YaVaughnie Wilkins posted the signs after she learned that her lover, Charles E. Phillips — president and director of the tech conglomerate Oracle Corporation and a member of Obama’s Economic Recovery Advisory Board — had reconciled with his wife, the New York Post reported.
Charles E. Phillips has a 10 year old son, has had an 8-1/2 year “serious relationship” with Wilkins, and is a “family man”.
That means he’s “loved” this woman almost as long as he’s had a son. Consider the implications of that.
He’s a creep, untrustworthy, etc.
Well, he’s worthy of something, social disapprobation and shaming.
Which is exactly what YaVaughnie did. For the wrong reasons, yea. But I’m begging and not feeling particularly choosie.
I’ve been surprised of late at the sources and volume of negative or, at best, ambivalent feelings towards fathers and fatherhood.
My wife is getting involved in the ladies ministry at our church and there was a coffee and tea get together Saturday morning. My wife was planning several errands for the morning and so I was left caring for young William. So long as we have milk pumped and bottled he is quite alright with me. More importantly, I’m willing and able and responsible, as I am his father.
I’m no superhero, nor do I have any special ability beyond the normal. I’m not much of an outlier in this respect, I believe.
Rather, I consider myself normal.
I’m a normal man who has taken responsibility for his family, his wife and their child.
I work to support them financially, bu my responsibility does not end at 5pm Friday.
I’m a father, not just a breadwinner. A father is so much more than a breadwinner.
I’m a diaper changer, a dish washer, a laundromat, a soft shoulder, a chauffeur, a burp rag, a comic, a stereo, a counselor, a pastor, a manager, a confidant, a firm hand. I am whatever necessary to ensure both the macro- and micro-progress of my family towards our goal of bringing more glory to God and achieving greater Godliness mutually and individually.
I am capable and willing.
I’m not expert or perfect.
For the men who don’t think themselves capable: grow a pair, man up, find your spine. You’re capable of what you choose to be.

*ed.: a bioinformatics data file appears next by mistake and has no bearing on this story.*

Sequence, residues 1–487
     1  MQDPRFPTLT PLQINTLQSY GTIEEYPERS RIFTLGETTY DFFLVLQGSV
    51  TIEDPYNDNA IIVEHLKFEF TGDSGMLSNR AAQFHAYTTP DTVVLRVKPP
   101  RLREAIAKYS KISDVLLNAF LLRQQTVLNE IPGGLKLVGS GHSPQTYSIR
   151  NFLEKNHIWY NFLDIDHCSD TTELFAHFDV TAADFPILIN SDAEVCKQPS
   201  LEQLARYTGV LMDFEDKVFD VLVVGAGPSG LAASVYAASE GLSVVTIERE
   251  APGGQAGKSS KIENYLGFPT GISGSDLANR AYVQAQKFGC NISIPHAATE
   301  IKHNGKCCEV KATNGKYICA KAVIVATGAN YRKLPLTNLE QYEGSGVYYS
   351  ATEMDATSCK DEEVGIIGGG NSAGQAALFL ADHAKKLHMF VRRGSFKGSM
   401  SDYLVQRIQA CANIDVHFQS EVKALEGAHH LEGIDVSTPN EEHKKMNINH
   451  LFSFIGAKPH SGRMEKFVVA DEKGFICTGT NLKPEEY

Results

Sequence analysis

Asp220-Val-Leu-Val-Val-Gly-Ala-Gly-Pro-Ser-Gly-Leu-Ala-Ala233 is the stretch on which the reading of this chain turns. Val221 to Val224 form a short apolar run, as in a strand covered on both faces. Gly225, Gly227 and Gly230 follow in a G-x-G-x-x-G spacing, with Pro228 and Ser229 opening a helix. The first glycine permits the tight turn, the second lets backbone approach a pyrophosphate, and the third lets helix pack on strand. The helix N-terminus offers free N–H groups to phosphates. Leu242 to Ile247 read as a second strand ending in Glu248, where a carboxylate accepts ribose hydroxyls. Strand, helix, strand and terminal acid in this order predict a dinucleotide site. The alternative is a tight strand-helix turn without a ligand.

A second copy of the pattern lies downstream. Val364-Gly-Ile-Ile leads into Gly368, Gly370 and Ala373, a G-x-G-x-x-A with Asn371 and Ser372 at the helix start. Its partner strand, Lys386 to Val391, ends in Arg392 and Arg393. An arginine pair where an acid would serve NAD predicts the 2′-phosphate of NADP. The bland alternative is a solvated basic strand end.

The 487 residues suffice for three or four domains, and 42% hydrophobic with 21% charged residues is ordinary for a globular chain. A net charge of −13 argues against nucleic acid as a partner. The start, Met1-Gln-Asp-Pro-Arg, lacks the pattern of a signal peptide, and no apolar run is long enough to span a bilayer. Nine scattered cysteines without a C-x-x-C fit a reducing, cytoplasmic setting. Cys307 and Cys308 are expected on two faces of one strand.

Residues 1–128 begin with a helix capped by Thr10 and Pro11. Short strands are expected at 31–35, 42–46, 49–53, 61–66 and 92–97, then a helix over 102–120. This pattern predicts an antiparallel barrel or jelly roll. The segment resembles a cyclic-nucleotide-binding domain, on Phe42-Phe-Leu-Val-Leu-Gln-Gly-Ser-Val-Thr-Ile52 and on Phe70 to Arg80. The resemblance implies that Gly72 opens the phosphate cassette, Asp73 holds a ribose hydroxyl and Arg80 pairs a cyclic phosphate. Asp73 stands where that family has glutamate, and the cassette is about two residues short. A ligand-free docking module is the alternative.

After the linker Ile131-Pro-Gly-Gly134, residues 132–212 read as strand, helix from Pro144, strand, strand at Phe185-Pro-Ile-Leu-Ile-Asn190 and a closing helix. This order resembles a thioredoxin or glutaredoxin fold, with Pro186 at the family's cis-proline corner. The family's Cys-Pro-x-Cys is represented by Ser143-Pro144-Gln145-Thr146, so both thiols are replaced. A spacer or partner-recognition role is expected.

For the mothers who haven’t tried letting go and letting dad: he’ll grow into whatever you lovingly and with support allow him become, including dad.
For detractors and cynics everywhere of every stripe: leave. You’re not wanted. Your words only condemn another generation to fatherless failure. Your ideas enslave millions more in the stifling mire of your small minds and minuscule dreams.
Mothers are not superior, and neither are fathers. Both are needed and necessary for normative growth in children. Both are prone to failure.
It is no secret, except to those remaining willfully ignorant and despicable for it, that mothers are as capable of abuse as fathers, and for societies failure to accept it, becoming frighteningly more common.
In fact, it is the union of the two fallible, failed, faltering parents, both the mother and father together, who are most capable of lifting each other beyond their individual limitations and shortcomings. Not to achieve perfection, but to achieve the greater potential of success in whatever goal they have chosen.
And isn’t that what we’re all striving for?
So father, free yourself of the false notion of your incurable frailty and seize the mantel of manhood and be a father.
And mother, relinquish the idea of fatherly failure and instead build up and encourage and then step back and allow the man in your husband to thrive as it fills out the form of fatherhood.
All three cases claim the measure abridges the civil rights of a vulnerable minority group. They argue that voters alone did not have the authority to enact such a significant constitutional change.
I am sorry, this just gets my blood up. If voters, the most fundamental part of our governmental system, do not have the authority to enact such legislation (more importantly, a constitutional amendment, than who does? Because, even though the legislature and courts have enacted similar legislation, they have done it outside their authority. All I can do is shake my head.
We all like being generous, right?Well turns out that the people that have managed our money for years . . . and years, are asking for us to be generous again . . . to the tune of $1 Trillion. Yep, we gave them our earning and investments, they screwed us over, and now they want more of our money so that they can somehow “get back” what we initially invested in them. On a side note, there is only $350 Billion left from the $700 Million bail out package. It is good that the money has gone to help . . .Â to help . . . to help . . . hmm . . . that is funny, I don’t know what the $350 Billion dollars helped. Probably created another bureaucracy somewhere and is helping pay for salaries. Hey it could be anything seeing as there is no oversight board.